Skip to main content

Coverage and factors associated with mother and newborn skin-to-skin contact in Nigeria: a multilevel analysis



Mother and newborn skin-to-skin contact (SSC) is an immediate postpartum intervention known to improve the health of newborn and mothers alike. Albeit, there is paucity of data that explored the coverage or factors associated with SSC in Nigeria. Therefore, we aimed to explore the coverage and hierarchical nature of the factors associated with SSC among women of reproductive age in Nigeria.


The 2018 Nigeria Demographic and Health Survey (NDHS) data was used for this study. Data on 29,992 women who had ever given birth were extracted for analysis. SSC was the outcome variable as determined by women’s report. A multivariable multilevel logistic regression model was used to estimate the fixed and random effects of the factors associated with SSC. Statistical significance was determined at p< 0.05.


The coverage of SSC was approximately 12.0%. Educated women had higher odds of SSC, when compared with women with no formal education. Those who delivered through caesarean section (CS) had 88% reduction in SSC, when compared with women who had vaginal delivery (OR= 0.12; 95%CI: 0.07, 0.22). Women who delivered at health facility were 15.58 times as likely to practice SSC, when compared with those who delivered at home (OR= 15.58; 95%CI: 10.64, 22.82). Adequate ANC visits and low birth weight significantly increased the odds of SSC. Women from richest household were 1.70 times as likely to practice SSC, when compared with women from poorest household (OR= 1.70; 95%CI: 1.04, 2.79). There was 65% reduction in SSC among women with high rate of community non-use of media, when compared with women from low rate of community non-use of media (OR= 0.35; 95%CI: 0.20, 0.61).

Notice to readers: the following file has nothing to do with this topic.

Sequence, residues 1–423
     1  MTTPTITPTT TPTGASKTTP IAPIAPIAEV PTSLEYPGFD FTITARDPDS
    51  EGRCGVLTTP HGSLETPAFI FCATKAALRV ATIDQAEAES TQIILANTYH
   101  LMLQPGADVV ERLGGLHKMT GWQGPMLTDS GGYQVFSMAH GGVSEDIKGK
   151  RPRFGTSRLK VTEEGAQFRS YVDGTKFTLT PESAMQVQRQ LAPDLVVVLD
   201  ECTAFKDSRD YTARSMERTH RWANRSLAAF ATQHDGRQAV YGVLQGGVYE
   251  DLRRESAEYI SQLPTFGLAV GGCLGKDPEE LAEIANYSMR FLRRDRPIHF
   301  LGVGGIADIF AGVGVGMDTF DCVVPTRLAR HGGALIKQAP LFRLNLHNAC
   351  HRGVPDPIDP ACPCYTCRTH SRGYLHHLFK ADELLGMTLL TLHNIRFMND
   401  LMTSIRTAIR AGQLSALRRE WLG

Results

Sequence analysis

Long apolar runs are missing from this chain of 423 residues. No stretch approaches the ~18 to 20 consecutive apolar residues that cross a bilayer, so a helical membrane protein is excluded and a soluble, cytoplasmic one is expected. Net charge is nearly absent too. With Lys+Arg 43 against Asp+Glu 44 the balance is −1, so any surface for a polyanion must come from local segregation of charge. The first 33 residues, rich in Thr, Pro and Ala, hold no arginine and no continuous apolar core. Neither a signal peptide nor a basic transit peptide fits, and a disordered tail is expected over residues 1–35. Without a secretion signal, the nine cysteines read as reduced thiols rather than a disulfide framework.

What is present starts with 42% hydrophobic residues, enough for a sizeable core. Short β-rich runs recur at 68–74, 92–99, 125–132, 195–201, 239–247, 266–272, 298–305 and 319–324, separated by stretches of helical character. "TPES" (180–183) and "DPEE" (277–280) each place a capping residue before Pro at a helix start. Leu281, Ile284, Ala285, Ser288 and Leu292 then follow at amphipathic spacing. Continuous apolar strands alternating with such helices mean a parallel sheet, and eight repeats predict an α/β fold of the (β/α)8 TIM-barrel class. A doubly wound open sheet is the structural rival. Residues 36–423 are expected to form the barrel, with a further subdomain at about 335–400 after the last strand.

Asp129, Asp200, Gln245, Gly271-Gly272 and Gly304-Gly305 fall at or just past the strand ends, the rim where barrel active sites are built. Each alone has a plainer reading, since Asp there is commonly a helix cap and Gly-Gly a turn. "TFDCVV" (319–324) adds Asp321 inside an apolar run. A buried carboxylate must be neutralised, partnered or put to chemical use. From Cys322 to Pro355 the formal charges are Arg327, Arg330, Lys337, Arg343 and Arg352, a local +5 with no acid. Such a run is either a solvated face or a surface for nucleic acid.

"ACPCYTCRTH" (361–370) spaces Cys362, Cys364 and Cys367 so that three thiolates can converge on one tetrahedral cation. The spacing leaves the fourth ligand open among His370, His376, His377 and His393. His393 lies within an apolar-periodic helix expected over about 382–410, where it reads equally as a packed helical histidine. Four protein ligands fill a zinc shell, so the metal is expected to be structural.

SSC coverage was low in Nigeria. Moreover, individual, household and community level factors were associated with SSC. More enlightenment should be created among women to bring to limelight the importance of SSC specifically to newborn’s health.

Peer Review reports


Globally, about 2.5 million newborn die in their first month of life, accounting for 47% of under-five death [1]. Although, there has been a 50% reduction in the number of neonatal death from 5 million in 1990 to 2.5 million in 2018, still, the decrease in neonatal death has been slow, when compared to the overall reduction in post-neonatal death among the under-five [1]. Several causes have been attributed to childhood death [2]. SSC is a recommended natural intervention for improving neonatal survival rates. It is a component of thermal care, in the light of drying, wrapping and delayed bathing. The World Health Organization (WHO) recommends that after delivery, every newborn should receive immediate newborn care, which includes thermal care, hygienic cord care and early initiation of breastfeeding [3]. Therefore, physiological stability, thermoregulation, blood glucose, early breastfeeding initiation could be higher in newborns exposed to SSC. Moreover, SSC is beneficial to mothers with postpartum depressive symptoms as it reduces maternal anxiety and enhances bonding and caregiving behaviour towards the newborn [4]. In prematurity, SSC can improve survival by providing warmth, love, stimulation and protection from nosocomial sepsis. In resource-poor settings, this can be life-saving as there is often lack of expertise or technology to effectively manage complications [5].

Similarly, SSC has been known as a safe substitute to reduce neonatal mortality in resource-poor settings [6]. However, despite the overwhelming evidence that supports the benefits of SSC, its uptake and adoption continues to be low [7]. Numerous factors have militated against improved practice of SSC. For instance, healthcare workforce shortages, closed-mindedness, safety concerns, interruptions from other healthcare practitioners on medical procedures for infant or mother are some of the notable barriers to practice SSC [8]. Conversely, some enabling factors to SSC include improved healthcare providers’ knowledge on the benefits of SSC, positive experiences of the effect of SSC on the mother and newborn and women’s acceptance or willingness which are commonly influenced by cultural, educational, religious background amongst others [8].